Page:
Although all respectable bands should age delightfully like a good mature cheese, is all to continue unadulterated in the SLF crystal ball?

“I don’t see any reason to stop at the moment. We’re still having fun and that was always our bottom line. Regarding where we prefer to play, each option has a lot to recommend it. For example, going to a new territory is always exciting, even if you occasionally end up as more of a tourist than a performer. Yet playing the UK and Ireland is always great because we know we’ll get a warm reception and we all have so many friends and family there.”

I sure hope international crowds don’t throw bottles at them! Having read about Mr McMordie and his busy schedule, I wondered if the band membership was set in stone.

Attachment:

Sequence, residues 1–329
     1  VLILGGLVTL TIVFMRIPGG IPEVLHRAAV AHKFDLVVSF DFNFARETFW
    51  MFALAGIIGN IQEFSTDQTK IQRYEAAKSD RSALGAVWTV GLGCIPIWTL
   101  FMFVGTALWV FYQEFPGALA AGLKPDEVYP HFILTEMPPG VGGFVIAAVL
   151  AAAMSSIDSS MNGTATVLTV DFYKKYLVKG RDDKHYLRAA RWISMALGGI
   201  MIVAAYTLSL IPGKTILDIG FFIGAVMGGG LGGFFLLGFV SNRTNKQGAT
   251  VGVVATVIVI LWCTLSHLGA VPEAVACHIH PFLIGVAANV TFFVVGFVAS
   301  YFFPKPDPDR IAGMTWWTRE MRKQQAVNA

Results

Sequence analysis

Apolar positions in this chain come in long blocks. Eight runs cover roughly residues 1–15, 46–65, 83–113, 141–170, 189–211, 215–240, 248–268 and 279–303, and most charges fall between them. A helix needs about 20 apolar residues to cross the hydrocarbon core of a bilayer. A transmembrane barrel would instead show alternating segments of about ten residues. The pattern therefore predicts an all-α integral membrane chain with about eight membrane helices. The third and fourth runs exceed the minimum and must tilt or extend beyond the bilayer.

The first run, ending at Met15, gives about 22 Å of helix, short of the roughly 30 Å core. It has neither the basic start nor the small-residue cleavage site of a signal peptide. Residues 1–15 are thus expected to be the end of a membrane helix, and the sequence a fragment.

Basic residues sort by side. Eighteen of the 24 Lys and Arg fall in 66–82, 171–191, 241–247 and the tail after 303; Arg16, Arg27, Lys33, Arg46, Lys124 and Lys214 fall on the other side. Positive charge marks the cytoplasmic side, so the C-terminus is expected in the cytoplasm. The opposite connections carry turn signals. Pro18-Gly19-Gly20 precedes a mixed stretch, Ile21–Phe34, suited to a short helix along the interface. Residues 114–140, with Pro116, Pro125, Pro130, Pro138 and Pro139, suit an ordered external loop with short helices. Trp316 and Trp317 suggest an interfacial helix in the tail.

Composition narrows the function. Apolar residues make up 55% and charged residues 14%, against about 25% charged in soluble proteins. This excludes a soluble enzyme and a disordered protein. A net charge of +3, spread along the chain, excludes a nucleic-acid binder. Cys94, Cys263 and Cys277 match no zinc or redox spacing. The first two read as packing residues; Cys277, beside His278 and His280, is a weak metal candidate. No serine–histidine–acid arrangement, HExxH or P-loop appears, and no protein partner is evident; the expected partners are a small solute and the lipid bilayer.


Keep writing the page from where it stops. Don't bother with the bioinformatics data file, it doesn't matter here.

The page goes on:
“Do you know something I don’t?? [Laughs] Yes, as far as I can tell everyone is happy to continue.”

I then flip over to the historical side of things and ask, “I’ve been doing some research on punk rock and wasn’t sure if it had just developed or died out? Do you think the ‘message’ has been lost in recent times? ‘Pop punk and its counterparts are ugly hybrids of the original thing.’ What’s your take on this, and please, please give reference to good old Green Day!” (who cite SLF as a main influence). That quote was mine by the way. It was critic Christine Di Bella who once said, “[Pop punk] is punk taken to its most accessible point, a point where it barely reflects its lineage at all, except in the three-chord song structures.” Understanding that SLF has become very pop punk, I was intrigued to know Jake’s view on this: